Date of Award


Degree Type


Degree Name

Doctor of Philosophy (PhD)

Graduate Group

Materials Science & Engineering

First Advisor

Ritesh Agarwal


Understanding and tailoring light-matter interactions is critical to many fields, offering valuable insights into the nature of materials, as well as allowing a variety of applications such as detectors, sensors, switches, modulators, and lasers. While reducing the optical mode volume is critical to enhancing the light-matter interaction strength, plasmonic systems, with their extraordinary ability to confine the light far below the diffraction limit of light, provide intriguing platforms in boosting the light-matter interactions at nanoscale.

On the other hand, atomically thin semiconductors such as few-layered transition metal dichalcogenides (TMDs), a recently discovered class of materials, exhibit unique optical properties such as large exciton binding energies, tightly-bond trion excitations, and valley-spin locking, allowing the observations of interesting photonic and electronic phenomena including strong photon-exciton coupling, valley Zeeman and valley optical Stark effect, valley Hall effect, and spin light emitting, hence serve as great candidates to study light-matter interactions in two dimensional systems.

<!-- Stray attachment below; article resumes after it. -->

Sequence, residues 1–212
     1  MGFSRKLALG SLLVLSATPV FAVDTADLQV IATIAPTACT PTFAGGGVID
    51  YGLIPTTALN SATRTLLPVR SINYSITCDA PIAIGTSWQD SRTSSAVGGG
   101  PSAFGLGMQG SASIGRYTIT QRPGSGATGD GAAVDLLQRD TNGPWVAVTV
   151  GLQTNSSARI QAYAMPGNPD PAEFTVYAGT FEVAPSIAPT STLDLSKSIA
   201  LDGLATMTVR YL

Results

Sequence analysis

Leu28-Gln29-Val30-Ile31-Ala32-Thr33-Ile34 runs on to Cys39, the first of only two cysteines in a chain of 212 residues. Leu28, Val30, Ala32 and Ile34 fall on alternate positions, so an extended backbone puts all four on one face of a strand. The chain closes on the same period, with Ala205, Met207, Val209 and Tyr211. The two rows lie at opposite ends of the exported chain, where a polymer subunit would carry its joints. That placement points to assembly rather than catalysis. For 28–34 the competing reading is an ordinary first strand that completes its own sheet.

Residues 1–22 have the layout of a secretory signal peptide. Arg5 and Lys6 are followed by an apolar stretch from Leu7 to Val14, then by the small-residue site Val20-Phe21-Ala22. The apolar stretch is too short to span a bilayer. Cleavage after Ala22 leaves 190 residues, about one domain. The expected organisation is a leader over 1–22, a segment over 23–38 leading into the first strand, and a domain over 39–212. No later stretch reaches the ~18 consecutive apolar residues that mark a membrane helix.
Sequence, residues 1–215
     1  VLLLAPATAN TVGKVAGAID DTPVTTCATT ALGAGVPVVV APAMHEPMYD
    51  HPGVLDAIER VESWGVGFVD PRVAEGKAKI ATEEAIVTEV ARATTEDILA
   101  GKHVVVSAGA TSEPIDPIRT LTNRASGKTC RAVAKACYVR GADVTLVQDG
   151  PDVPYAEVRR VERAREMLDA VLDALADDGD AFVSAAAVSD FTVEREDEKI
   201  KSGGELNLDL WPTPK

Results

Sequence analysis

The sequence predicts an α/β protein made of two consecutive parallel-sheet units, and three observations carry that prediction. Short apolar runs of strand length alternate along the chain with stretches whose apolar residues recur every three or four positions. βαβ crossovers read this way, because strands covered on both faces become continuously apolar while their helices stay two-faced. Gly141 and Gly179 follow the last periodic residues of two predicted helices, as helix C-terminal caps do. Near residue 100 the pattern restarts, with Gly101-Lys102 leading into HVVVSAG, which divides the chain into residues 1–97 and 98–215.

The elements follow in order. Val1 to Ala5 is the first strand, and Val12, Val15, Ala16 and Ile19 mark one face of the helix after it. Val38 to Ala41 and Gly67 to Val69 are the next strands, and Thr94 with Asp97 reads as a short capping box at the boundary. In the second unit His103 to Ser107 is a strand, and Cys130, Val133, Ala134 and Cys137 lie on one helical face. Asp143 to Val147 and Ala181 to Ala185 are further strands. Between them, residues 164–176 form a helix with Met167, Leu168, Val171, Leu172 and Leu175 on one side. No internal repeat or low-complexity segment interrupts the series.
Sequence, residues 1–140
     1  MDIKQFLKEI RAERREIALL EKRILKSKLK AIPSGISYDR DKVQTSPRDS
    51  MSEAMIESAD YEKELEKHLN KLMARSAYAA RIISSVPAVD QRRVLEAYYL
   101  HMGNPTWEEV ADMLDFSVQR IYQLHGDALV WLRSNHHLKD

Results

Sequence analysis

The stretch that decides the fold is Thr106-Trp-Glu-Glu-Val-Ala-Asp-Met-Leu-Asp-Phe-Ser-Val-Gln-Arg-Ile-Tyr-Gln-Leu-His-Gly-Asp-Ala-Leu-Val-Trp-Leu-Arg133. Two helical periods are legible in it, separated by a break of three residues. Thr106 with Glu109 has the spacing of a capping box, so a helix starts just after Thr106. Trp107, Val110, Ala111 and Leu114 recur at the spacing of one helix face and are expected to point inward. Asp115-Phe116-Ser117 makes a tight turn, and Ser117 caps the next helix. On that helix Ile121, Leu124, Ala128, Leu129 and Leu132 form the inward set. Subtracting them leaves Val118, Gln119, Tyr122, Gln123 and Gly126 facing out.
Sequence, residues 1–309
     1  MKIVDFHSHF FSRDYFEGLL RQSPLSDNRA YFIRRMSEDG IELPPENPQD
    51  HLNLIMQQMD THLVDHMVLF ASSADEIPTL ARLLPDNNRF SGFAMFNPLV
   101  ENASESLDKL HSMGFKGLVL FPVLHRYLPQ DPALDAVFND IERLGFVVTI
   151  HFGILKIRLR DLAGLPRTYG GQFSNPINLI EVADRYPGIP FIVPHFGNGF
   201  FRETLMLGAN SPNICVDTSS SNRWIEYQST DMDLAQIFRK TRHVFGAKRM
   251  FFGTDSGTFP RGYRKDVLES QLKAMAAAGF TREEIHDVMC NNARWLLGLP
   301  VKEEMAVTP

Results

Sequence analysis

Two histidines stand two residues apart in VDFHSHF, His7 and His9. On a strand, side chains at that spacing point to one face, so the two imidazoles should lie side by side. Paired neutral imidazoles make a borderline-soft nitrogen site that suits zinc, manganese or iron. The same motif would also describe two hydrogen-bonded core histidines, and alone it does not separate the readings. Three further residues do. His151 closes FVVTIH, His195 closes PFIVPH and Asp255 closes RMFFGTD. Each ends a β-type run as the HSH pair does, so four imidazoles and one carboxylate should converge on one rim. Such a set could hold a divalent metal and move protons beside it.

In this thesis, combining the two intriguing optical and material systems, we study light-matter interactions between 2D semiconductors and 2D plasmonic lattices, due to their compatibility with 2D semiconductors as well as strong and highly tunable plasmonic resonances. We investigated exciton-plasmon coupling by integrating MoS2 with plasmonic lattices of various geometrical designs and observed rich phenomena in different coupling regimes.

We will first present a detailed study of observing exciton-plasmon coupling in weak, intermediate and strong coupling regimes via different plasmonic lattice design. We’ve demonstrated large Purcell enhancement in weak coupling regime, and Fano resonances in intermediate coupling regime, and exciton-plasmon polariton formation in strong coupling regime. After that, we will discuss active tuning of the coupling strengths all the way across the weak and strong coupling regime via electrical gating. Finally, we will demonstrate chiral exciton-plasmon coupling by designing chiral plasmonic lattices.

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